18. Evidence for potential of managing some african fruit fly species (Diptera: Tephritidae) using the mango fruit fly host-marking pheromone

    Science.gov (United States)

    We investigated conspecific and heterospecific oviposition host discrimination among four economically important fruit fly pests of mango in Africa (Ceratitis capitata, Wiedemann; C. fasciventris, Bezzi; C. rosa, Karsch, and C. cosyra, Walker) with regard to host-marking behavior and fecal matter aq...

  19. Labelling of the mediterranean fruit fly Ceratitis capitata (Wied., 1824) (Diptera: Tephritidae), with stable manganese and neutron activation, for behaviour studies

    International Nuclear Information System (INIS)

    Tornisielo, V.L.

    1990-01-01

    In view to label adults of the Mediterranean fruit fly for behaviour studies (etiology) experiments were carried out using larvae feeded with enriched stable manganese on concentrations of 0; 0.0001; 0.0005; 0.0010; 0.0050 and 0.0100 grams of MnCl2 per gram of diet. Also a comparison was done between larvae reared on natural fruits (Coffea arabica, Eriobotaya japonica, Syzugium jambos, Eugenia uvalha, Prunus persica and Psidium guajava) and on artificial diet. The low concentration of manganese (0.0001 grams of MnCl2 per gram of larval diet) acted only as a micronutrient. Concentrations of 0.0005 and 0.0010 grams of MnCl2 per gram of diet didn't affect larvae or adults, increasing the longevity of the females. Concentrations of 0.0050 and 0.0100 grams of MnCl2 per gram of larval diet completely inhibited the development of the insects. The flies activated by a flux of 2.67.10 sup(11) n/cm sup(2)/s during 60 second and counted by a germanium detector during 120 seconds showed that males and females remained well labeled until the 13 sup(th) day of adult life, if their larvae were feed on diet containing 0.0005 and 0.0010g of MnCl2 per gram of diet. However, after 25 days only the males emerged from larvae reared on diet containing 0.0005 g of MnCl2 per gram of diet remained labeled. The females excreted the most of manganese, probably through their laying eggs. The quantity of accumulated manganese detected on the adults after neutron activation and reared on different fruits was very similar, for any kind of fruit. (author)

  20. Natural Parasitism in Fruit Fly (Diptera: Tephritidae) Populations in Disturbed Areas Adjacent to Commercial Mango Orchards in Chiapas and Veracruz, Mexico.

    Science.gov (United States)

    Montoya, Pablo; Ayala, Amanda; López, Patricia; Cancino, Jorge; Cabrera, Héctor; Cruz, Jassmin; Martinez, Ana Mabel; Figueroa, Isaac; Liedo, Pablo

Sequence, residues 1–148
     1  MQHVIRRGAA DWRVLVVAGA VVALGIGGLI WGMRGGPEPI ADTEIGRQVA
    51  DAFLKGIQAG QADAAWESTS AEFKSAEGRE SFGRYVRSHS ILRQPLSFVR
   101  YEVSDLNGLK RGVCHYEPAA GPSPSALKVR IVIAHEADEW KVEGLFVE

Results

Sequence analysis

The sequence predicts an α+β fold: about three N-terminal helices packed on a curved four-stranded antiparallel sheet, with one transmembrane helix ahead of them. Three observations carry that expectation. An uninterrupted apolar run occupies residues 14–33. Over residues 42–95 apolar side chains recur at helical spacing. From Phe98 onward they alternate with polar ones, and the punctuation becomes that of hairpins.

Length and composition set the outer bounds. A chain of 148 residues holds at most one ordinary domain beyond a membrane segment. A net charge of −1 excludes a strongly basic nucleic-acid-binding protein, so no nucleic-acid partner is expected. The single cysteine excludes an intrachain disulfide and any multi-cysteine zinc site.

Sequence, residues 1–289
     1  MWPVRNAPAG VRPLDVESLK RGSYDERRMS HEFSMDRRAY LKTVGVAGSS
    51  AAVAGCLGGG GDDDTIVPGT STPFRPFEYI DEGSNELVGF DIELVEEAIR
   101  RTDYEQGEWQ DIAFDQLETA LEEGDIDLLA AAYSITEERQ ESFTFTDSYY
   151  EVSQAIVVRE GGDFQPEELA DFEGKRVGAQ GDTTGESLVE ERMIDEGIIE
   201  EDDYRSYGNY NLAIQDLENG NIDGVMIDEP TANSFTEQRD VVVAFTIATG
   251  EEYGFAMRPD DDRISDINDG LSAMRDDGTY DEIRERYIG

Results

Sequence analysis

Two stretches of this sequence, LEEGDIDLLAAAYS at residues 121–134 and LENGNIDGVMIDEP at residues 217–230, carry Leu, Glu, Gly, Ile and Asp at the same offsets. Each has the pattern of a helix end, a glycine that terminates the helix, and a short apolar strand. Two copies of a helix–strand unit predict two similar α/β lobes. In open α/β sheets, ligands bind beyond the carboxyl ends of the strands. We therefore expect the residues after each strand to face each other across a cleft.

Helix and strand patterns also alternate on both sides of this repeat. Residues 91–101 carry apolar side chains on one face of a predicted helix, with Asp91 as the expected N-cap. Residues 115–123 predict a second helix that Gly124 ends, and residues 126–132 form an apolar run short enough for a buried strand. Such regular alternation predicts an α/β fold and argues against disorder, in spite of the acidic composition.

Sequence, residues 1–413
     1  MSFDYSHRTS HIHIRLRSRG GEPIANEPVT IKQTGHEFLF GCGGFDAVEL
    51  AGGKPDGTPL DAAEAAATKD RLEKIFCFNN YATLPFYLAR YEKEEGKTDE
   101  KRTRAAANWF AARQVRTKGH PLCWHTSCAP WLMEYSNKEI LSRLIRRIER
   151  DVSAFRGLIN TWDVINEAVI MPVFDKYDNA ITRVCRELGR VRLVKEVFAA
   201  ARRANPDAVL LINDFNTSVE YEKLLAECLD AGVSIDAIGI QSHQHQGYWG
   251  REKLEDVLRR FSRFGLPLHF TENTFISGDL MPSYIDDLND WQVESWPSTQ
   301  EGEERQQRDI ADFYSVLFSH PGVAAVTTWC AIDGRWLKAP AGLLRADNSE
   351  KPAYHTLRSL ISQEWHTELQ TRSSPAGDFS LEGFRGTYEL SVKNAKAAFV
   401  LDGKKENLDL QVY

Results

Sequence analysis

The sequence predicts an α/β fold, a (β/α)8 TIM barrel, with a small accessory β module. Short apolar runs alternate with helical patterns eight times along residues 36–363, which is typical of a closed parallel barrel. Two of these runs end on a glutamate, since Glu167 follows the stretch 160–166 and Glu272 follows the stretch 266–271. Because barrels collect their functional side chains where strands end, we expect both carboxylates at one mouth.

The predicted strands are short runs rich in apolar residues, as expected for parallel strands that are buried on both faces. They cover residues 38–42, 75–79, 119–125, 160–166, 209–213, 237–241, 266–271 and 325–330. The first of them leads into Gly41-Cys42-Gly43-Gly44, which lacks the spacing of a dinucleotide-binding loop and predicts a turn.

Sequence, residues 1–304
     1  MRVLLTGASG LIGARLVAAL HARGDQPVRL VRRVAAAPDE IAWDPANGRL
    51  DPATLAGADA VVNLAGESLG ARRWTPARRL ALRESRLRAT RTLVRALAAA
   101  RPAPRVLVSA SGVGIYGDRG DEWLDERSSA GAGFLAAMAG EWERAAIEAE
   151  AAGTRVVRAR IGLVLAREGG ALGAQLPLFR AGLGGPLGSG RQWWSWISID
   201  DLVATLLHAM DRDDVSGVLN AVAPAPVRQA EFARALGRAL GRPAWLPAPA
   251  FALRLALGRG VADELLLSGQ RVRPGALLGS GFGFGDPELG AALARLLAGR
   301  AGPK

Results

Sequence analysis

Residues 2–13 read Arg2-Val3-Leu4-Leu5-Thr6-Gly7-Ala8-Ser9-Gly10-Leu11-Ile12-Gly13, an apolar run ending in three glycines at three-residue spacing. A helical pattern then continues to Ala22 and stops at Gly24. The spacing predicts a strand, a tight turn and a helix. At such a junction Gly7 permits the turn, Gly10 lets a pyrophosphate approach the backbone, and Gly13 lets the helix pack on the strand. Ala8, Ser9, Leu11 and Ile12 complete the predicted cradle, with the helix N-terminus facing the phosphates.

2016-04-01

    To determine the natural parasitism in fruit fly populations in disturbed areas adjacent to commercial mango orchards in the states of Chiapas and Veracruz, Mexico, we recorded over one year the fruit fly-host associations, fly infestation, and parasitism rates in backyard orchards and patches of native vegetation. We also investigated the relationship between fruit size, level of larval infestation, and percent of parasitism, and attempted to determine the presence of superparasitism. The most recurrent species in trap catches was Anastrepha obliqua (Macquart), followed by Anastrepha ludens (Loew), in both study zones. The fruit infestation rates were higher in Chiapas than in Veracruz, with A. obliqua again being the most conspicuous species emerging from collected fruits. The diversity of parasitoids species attacking fruit fly larvae was greater in Chiapas, with a predominance of Doryctobracon areolatus (Szépligeti) in both sites, although the exotic Diachasmimorpha longicaudata (Ashmead) was well established in Chiapas. Fruit size was positively correlated with the number of larvae per fruit, but this relationship was not observed in the level of parasitism. The number of oviposition scars was not related to the number of immature parasitoids inside the pupa of D. areolatus emerging from plum fruits. Mass releases of Di. longicaudata seem not to affect the presence or prevalence of the native species. Our findings open new research scenarios on the role and impact of native parasitoid species attacking Anastrepha flies that can contribute to the development of sound strategies for using these species in projects for augmentative biological control. © The Authors 2016. Published by Oxford University Press on behalf of Entomological Society of America. All rights reserved. For Permissions, please email: journals.permissions@oup.com.